Human behavior is greatly influenced and motivated by the needs in individuals’ lives. Similarly, in an older patient, the decision to quit smoking may be based on the importance of their life needs. First, physiological needs that may motivate an individual to quit smoking include; sex, food, sleep, and drink (Stoyanov, 2017). Smoking harms the testosterone levels in both genders resulting in a reduced sex drive; thus, the desire for a good sex life could be a motivation to quit smoking. Also, smoking adversely impacts sleep, causing problems such as snoring and insomnia. To get adequate and proper sleep, an individual may be motivated to quit smoking. Secondly, safety needs may include; financial security, job security, and health and wellbeing. An individual may be motivated to quit smoking to secure their wellbeing and health from adverse consequences. Also, smoking may affect work productivity, thus endangering a person’s job security; therefore, smoking cessation would be motivated by the desire to secure their jobs.
Thirdly, the desire to belong could motivate an individual to cease smoking. Non-smokers are usually intolerant to smoking; thus, smokers may miss out on love, intimacy, and friendships due to their smoking. To foster relationships and friendships, an individual may be motivated to quit smoking. Also, the desire to get ahead and control their self-esteem could encourage smokers to quit smoking. Lastly, the desire to seek personal growth and peak in realizing one’s full potential may motivate an individual to quit smoking.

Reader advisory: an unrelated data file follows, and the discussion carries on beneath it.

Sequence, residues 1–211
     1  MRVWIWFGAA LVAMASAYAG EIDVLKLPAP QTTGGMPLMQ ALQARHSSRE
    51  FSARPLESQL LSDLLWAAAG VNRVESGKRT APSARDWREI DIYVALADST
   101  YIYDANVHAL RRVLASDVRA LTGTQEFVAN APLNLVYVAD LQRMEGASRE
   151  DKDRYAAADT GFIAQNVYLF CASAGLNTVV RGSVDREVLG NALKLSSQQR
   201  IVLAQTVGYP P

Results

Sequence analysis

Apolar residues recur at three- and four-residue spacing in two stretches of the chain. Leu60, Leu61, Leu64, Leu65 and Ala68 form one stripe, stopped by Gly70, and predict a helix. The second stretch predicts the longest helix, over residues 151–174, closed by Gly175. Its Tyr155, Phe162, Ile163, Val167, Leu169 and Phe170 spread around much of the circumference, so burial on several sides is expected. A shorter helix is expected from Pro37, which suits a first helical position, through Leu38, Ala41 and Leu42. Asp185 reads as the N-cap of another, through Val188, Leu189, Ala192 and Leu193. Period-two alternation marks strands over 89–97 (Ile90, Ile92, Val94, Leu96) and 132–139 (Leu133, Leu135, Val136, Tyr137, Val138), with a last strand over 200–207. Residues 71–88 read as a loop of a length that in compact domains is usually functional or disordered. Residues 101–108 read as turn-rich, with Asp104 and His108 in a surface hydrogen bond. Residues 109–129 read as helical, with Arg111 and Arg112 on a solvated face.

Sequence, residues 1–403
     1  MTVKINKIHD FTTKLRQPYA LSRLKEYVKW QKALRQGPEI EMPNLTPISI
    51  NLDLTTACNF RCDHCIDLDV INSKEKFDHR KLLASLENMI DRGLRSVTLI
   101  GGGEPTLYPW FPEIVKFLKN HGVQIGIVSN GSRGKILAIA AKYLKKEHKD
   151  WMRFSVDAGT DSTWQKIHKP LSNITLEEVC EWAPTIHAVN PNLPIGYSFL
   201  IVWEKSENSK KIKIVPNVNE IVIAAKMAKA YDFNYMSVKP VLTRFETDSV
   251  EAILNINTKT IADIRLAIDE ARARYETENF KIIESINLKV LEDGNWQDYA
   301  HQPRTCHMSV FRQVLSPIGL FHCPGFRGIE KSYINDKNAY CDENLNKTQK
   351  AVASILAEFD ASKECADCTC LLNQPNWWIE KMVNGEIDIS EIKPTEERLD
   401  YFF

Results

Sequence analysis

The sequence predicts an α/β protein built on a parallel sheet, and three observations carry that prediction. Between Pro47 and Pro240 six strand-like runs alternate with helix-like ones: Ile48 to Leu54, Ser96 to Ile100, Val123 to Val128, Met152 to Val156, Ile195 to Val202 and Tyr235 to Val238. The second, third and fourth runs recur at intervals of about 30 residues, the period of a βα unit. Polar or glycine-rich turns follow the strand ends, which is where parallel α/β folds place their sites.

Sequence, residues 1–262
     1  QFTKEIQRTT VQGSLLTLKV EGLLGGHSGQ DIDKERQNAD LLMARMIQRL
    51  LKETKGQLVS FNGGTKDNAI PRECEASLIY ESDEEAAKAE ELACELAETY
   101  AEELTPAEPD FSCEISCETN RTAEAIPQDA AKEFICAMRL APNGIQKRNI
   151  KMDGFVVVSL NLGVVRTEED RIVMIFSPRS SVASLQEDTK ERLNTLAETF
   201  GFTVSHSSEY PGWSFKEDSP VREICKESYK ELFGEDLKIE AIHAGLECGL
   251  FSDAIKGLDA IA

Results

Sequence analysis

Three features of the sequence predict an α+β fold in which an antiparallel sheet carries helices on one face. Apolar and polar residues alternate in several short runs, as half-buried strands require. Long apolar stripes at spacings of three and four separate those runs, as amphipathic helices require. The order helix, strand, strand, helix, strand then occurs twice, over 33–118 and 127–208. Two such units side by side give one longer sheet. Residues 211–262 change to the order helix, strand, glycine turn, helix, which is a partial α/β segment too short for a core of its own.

On sickle cell anemia in young adults, I will use Maslow’s theory in assessment, teaching, and counseling them. Also, this theory will be crucial in the management of symptoms. Sickle cell anemia is a genetic condition in which there are not enough red blood cells to transport oxygen adequately throughout the body (Williams & Thein, 2018). As a result, these patients experience both psychological and physiological adverse effects. First, an individual with sickle cell anemia lacks a basic physiological need: sufficient oxygen in the body that hinders the attainment of all other needs. Therefore, continuous medical therapy entailing blood transfusions should be included in the treatment regimen to address this. Secondly, individuals with sickle cell anemia are faced with various emotional challenges such as depression, increased anxiety, poor relationships, and aggression. Therefore, to address one of the safety needs, emotional security, the emotional wellbeing of a patient should be of importance. That entails incorporating psychological therapy.
Thirdly, with emotional security and other safety needs addressed, an individual can easily satisfy their love and belonging needs, fostering relationships with other people. Also, in incorporating mental health wellbeing, individuals with sickle cell anemia will learn to appreciate themselves more and help build their self-esteem. Lastly, by addressing all the above needs and psychological therapy, individuals are motivated to accomplish anything they would like to achieve in life. Therefore, they do not allow their condition to limit them in one way or another.
GENKOVA, D. (2021). Modeling the Human Needs: An Economic Interpretation of Maslow’s Theory of Motivation. WSEAS Transactions on Business and Economics, 18, 253-264.
Williams, T. N., & Thein, S. L. (2018). Sickle cell anemia and its phenotypes. Annual review of genomics and human genetics, 19, 113-147.
Maslow, A. H. (1981). Motivation and personality. Prabhat Prakashan.
Stoyanov, S. (2017). An Analysis of Abraham Maslow’s A Theory of Human Motivation. Macat Library.